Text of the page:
The Firm (18)



Drama (1989)
67mins UK

Starring: Gary Oldman, Lesley Manville, Philip Davis
Director: Alan Clarke
Listings: London | Rest of UK and Ireland



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LondonNet Film Review
The Firm

Loosely adapted from Alan Clarke's seminal 1989 TV drama, The Firm is a brutal and unflinching portrait of hooliganism and male bonding, set to a funky soundtrack of The Gap Band, The Jam, Kool & The Gang, Donna Summer and Tears For Fears...

The Firm. Warner Bros. UK.Writer-director Nick Love opens with Soft Cell's infectious, toe-tapping hit Tainted Love and a blaze of searing neon as we are transported back to 1980s London, a mecca of wannabes who need to own the latest tracksuits and trainers to fit in. Clarke's version concentrated on the gangs but Love takes a different tack, trying to draw in a younger audience (even with the deserved 18 certificate) by viewing events through the eyes of a disenfranchised teenager who is seduced by this dangerous world but then doesn't know how to get out again. Unfortunately for The Firm, Pat Holden's film Awaydays chose a similar point of view earlier this year and spun its hard-hitting story with just as much bloodshed and salty dialogue.

Dom (Calum MacNab) and his best mate Terry (Billy Seymour) live on a London housing estate, uncertain what direction their lives will take them other than to the next spliff. During a night out, the lads foolishly pick a fight with estate agent Bex (Paul Anderson) and his wife Suzy (Joanne Matthews), unaware they are butting heads with the leaders of one of the most feared, style-conscious groups of football fans in the city. Realising their error, the boys later beg forgiveness and Dom is gradually inducted into Bex's inner circle, idolising the hard-man who warns that arch rival Yeti (Daniel Mays) and his mob will "open you up like a fete!". Dom's initiation is complete when he dares to publicly stand up to Bex's lieutenant Trigger (Doug Allen). While Bex thrives on the thuggery, Dom is horrified by the violence but he cannot break free, and his parents (Eddie Webber, Camille Coduri) are powerless to help. The only person who can stop Bex is himself, and his obsession with defeating Yeti proves to be his downfall.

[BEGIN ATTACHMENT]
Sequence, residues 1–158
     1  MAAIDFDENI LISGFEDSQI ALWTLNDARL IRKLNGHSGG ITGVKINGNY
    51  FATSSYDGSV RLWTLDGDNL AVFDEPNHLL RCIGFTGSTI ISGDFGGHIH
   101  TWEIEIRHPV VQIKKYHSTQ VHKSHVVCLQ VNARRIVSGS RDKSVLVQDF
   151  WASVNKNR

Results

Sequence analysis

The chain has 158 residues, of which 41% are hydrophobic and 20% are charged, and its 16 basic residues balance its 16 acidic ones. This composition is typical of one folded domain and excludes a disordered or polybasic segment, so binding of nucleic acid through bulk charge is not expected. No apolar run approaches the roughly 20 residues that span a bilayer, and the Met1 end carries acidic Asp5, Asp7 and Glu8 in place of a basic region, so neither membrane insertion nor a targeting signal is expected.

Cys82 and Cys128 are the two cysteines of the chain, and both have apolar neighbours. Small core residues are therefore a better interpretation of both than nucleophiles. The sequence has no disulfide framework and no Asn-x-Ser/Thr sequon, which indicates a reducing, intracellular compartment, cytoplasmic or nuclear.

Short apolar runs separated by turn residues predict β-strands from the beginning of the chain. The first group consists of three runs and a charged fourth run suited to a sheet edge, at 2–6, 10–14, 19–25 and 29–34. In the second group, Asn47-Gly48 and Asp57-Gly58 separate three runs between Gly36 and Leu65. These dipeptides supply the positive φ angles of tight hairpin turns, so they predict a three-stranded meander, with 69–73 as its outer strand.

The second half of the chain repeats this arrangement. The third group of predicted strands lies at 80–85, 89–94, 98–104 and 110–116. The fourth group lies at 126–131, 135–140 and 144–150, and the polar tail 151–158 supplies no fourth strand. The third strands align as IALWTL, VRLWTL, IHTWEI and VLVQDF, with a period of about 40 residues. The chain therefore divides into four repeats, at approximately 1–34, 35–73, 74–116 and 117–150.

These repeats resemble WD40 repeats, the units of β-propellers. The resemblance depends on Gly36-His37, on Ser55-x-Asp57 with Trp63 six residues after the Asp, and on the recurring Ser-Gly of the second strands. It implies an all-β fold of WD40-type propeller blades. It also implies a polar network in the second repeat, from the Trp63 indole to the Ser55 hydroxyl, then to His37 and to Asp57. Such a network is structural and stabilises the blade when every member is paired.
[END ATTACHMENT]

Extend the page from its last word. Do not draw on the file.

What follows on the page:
The Firm. Warner Bros. UK.The Firm orchestrates some genuinely terrifying rucks between Bex's crew and their rivals, the cameras ducking and diving in the melee, and the dialogue has some choice one-liners: "Watch your back or I'm gonna slit you open like an envelope!" The scene in which Bex's young son discovers his father's Stanley knife and chews on the blade while his dad is engaged on the telephone chills the blood. Performances vary wildly from Anderson's lively turn as a naughty boy destined for an early grave to a wooden MacNab in the central role. The script doesn't flesh out the characters in nearly enough detail. In particular, Dom is really unsympathetic and deserves everything he gets. What we get is another pummelling from a film-maker who trampled through similar territory in his 2004 film The Football Factory, which saw McNab make his movie debut in a supporting role.

- Sam Cannon


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